South and became ancestors of South Ethiopians, where their language known as
Hararigna or Haderigna is categorized under South Ethio-Semetic languages (Hetzron
and Bender, 1976). Most of its speakers are multilingual in Amharic and/or Oromo.
Hararis are closely related to Zay and Silte people. The majority of Harari people are
Muslims. Sheikh Hussien, a king of Argoba was acknowledged as the first person who
introduced Islam in Harar (Pankhurst, 1958:44).
Here it is worth to mention briefly, the role Ethiopia has played for the revival of
Islam. During the time when Prophet Mohammed began his mission in Mecca, he
advised his followers to go to Ethiopia to overcome the difficulties (persecution) with
the Quraysh who were responsible for the Kaba (Holy shrine). According to
Trimingahm (1954: 44), Mohammed told for his followers that “a king under whom
none are persecuted, it is a land of righteous where God will give you relief from what
you are suffering”. The Prophet Mohammed sent his followers to seek refugee in
Ethiopia. Among them were the great Ummu-Ayman, the Habasha nursemaid of the
prophet, the Third Khalifa, Uthman Ibn-Afan, and Jafar Ibn-a Talib (Mhammed, 2007:
7) and Rukeyia, the Prophet’s daughter and her husband Othman (Sergew, 1972).
According to Mohammed (2007: 7) the exile took place in two rounds (known as the
first and the second exiles) that lasted for 15 years (from 604 to 619) where the number
of the refugees was 185. These refugees were received the necessary hospitability where
no one interfered with their religion practice. Even the then king of Ethiopia respected
their rights and protected from the Quraysh (the opponent of Prophet Mohammed) who
had an intention to expel the refugees form Ethiopia (Sergew, 1972).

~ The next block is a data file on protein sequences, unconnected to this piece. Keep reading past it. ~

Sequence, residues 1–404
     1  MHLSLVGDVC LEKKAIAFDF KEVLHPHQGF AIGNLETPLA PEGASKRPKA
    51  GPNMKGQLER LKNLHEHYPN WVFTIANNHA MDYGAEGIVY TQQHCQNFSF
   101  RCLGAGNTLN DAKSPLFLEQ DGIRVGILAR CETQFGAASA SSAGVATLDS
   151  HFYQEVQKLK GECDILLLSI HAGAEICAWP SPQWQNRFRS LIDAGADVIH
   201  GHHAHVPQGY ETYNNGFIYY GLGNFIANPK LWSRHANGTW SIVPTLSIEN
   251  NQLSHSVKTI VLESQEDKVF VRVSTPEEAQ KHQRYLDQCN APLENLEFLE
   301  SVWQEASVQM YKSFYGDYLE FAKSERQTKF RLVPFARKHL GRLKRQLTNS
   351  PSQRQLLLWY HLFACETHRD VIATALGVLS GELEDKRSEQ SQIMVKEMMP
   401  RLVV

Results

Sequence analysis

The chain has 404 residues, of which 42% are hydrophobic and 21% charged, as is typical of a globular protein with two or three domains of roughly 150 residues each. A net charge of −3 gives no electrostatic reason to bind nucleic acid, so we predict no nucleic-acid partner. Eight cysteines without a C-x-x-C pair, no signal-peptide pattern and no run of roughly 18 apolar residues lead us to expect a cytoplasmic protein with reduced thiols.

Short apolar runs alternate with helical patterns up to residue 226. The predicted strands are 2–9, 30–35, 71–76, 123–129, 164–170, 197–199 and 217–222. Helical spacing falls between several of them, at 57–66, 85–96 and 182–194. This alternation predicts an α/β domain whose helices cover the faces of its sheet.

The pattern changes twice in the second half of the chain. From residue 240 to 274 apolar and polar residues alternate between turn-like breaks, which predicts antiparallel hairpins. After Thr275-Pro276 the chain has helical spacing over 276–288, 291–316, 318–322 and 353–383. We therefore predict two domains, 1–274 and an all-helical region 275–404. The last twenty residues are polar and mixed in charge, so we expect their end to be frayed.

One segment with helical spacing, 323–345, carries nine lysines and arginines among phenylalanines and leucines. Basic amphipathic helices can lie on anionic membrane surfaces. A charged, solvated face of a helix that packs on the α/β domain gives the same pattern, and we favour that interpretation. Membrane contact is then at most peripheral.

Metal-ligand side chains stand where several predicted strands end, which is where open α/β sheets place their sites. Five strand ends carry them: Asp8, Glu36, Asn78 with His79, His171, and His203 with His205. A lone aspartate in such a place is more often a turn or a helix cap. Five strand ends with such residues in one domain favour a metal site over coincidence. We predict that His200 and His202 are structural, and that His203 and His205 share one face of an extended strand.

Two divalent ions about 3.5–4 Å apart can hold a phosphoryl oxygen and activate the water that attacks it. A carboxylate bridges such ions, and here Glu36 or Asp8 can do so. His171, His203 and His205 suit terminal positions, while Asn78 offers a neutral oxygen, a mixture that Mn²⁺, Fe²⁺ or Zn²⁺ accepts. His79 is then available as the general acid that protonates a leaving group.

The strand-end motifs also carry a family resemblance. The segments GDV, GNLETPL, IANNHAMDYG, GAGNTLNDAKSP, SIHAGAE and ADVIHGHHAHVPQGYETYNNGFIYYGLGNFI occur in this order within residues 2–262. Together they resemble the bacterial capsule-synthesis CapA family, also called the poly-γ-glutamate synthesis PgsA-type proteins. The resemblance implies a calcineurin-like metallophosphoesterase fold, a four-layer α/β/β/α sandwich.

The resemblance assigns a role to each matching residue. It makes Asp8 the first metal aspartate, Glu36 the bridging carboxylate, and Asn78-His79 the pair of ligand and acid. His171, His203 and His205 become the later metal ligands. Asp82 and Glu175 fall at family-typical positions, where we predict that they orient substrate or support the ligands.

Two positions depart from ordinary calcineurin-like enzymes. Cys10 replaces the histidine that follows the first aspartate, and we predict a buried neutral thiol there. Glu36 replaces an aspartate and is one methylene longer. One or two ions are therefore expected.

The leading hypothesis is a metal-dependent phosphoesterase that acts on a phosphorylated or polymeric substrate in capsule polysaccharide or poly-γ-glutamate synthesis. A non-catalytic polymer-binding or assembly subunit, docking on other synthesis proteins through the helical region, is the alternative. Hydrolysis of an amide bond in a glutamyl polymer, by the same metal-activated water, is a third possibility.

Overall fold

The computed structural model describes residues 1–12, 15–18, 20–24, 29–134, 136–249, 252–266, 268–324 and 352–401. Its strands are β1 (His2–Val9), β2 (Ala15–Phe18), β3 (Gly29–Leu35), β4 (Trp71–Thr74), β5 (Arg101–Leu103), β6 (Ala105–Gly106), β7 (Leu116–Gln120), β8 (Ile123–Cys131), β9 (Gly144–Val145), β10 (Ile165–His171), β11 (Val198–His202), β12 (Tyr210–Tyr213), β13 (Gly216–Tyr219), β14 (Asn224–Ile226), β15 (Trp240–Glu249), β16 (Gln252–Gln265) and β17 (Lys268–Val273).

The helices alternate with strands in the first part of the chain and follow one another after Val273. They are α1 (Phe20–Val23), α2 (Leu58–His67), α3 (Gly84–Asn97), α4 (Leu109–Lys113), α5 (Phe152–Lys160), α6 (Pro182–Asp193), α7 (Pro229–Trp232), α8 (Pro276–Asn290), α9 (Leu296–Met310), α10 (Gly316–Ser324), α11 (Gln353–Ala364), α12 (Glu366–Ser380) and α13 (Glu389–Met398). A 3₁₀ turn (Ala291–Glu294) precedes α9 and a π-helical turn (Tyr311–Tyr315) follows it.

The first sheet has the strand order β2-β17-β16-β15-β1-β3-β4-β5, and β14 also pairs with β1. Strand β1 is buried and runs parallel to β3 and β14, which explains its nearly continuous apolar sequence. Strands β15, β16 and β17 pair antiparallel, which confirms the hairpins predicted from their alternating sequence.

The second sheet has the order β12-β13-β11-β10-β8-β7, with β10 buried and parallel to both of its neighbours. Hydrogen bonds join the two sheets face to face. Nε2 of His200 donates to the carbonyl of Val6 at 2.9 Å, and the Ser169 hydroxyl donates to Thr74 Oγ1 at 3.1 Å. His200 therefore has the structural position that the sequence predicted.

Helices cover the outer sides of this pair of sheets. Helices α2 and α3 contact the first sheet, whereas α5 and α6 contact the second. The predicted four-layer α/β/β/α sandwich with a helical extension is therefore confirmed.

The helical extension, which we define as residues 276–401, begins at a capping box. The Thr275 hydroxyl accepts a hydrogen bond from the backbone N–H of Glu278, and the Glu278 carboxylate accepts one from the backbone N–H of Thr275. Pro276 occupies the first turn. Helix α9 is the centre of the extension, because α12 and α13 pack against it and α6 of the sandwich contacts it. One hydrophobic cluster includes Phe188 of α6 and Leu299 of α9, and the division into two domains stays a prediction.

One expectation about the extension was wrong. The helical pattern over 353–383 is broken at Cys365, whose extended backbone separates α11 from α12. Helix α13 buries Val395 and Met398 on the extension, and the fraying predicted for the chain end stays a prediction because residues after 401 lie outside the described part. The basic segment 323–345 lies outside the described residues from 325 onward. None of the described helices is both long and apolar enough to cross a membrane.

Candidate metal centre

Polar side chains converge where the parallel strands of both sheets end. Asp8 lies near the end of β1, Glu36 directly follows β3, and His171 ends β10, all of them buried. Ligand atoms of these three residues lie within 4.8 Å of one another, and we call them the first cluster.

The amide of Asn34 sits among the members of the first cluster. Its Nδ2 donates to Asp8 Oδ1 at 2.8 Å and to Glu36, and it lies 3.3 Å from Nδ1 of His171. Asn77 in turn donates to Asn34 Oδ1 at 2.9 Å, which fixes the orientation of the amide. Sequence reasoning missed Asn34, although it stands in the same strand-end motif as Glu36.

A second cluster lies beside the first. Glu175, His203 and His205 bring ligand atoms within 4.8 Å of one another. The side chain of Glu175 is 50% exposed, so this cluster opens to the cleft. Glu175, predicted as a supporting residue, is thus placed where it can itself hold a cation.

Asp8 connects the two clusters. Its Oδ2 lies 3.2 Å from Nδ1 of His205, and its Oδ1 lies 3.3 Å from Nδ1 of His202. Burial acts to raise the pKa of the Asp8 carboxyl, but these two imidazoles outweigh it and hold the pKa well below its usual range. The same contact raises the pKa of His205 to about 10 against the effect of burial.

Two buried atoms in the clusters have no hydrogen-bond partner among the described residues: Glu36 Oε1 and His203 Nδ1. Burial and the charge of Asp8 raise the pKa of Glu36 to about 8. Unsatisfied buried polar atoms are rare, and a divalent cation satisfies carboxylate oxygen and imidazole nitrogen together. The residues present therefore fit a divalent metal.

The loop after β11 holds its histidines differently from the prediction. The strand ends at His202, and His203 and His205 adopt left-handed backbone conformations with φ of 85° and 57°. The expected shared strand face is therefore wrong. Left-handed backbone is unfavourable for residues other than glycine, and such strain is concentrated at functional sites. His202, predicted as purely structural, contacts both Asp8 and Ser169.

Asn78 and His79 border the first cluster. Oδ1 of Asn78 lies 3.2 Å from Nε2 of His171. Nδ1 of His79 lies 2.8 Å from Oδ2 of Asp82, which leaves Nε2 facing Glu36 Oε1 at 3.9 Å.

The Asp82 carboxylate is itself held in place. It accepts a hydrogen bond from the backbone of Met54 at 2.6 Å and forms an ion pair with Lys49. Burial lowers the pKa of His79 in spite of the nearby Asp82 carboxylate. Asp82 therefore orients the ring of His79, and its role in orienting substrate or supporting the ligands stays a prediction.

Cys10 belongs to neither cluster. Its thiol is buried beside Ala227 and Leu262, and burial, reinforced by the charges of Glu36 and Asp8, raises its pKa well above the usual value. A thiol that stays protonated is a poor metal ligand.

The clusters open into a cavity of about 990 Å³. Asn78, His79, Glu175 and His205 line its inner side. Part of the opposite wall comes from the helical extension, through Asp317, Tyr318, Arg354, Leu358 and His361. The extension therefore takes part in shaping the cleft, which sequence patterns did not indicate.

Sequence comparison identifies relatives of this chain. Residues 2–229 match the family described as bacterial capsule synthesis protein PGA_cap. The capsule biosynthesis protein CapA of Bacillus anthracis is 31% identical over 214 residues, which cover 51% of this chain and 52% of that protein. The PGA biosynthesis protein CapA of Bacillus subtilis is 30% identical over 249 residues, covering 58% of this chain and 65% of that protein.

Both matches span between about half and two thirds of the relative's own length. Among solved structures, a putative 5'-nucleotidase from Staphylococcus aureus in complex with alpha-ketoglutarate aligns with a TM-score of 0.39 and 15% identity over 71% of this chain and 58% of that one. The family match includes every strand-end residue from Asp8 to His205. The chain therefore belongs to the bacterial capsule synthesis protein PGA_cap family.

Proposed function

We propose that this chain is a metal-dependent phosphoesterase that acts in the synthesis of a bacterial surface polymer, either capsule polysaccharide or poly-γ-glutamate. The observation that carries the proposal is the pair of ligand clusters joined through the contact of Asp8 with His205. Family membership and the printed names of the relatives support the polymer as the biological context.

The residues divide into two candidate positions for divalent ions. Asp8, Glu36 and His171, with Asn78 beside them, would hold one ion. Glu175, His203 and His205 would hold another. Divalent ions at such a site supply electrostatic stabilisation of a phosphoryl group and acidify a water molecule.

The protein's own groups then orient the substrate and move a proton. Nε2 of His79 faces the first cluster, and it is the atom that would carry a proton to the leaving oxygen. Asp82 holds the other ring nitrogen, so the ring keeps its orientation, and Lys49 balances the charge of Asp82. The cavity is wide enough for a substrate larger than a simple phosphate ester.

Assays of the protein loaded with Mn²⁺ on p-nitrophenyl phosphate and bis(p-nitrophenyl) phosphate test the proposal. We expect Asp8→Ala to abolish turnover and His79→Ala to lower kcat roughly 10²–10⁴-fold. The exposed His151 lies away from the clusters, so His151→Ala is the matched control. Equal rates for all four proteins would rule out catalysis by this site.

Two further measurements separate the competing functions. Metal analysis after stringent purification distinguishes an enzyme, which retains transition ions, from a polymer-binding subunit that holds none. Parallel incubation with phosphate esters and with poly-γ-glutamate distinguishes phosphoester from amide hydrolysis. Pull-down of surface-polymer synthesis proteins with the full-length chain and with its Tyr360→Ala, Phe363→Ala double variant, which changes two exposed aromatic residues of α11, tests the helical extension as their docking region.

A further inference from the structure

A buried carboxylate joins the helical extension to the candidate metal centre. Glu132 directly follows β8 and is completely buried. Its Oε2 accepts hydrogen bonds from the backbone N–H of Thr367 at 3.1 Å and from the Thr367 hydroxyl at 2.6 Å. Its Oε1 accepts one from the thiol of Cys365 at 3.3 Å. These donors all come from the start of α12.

Most Hararis live in Harar. Harar is now identified as one of the Federal States.
Harar developed from the 9th century into a seat of Islamic scholarship and authority
(Gibb, 1997:381). Besides this it was both economically and politically useful because
of the connections it had to both interior and the coast, becoming the commercial center.
Mohammed (2007: 9) indicates that “Harar remained the educational, health and
financial center severing huge areas, in the process introducing Ethiopia to the outside
world, specially to the countries of the Near East, Middle East and Far East” as a result
“the city accumulated much international culture and experience”. Although Harar had
such reputation it was in a precarious position as of the 16th century struggling to
maintain control over lucrative trade routes.
In 1875 Egyptian troops, led by Raouf Pasha, marched up from the coast and took
over Harar (Forbes, 1979: 7) occupied/controlled Zeila and Berbera (the ports upon
which Harari trade was dependent). The then ruler, Amir Mohammed was not in a
position to resist the subsequent occupations of Harar in October 1875 (Gibb, 1997:
383). Hassen, (1980) in Gibb (1997) indicated that with the abolition of the Amirate, the
independence of Harar was relinquished, never to be fully reinstated. Menelik had got a
viable opportunity to annex the regional sub-center after the Egyptian evacuation in
1885 because of the general insecurity of its rule and the vacuum created by the
Egyptian exodus (Hassen, 1980 and Bahiru Zewdie, 1991 in Gibb, 1997). In the words

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Congrès des Musiques dans le monde de l'islam. Assilah, 8-13 août 2007.
Conference on Music in the world of Islam. Assilah, 8-13 August, 2007.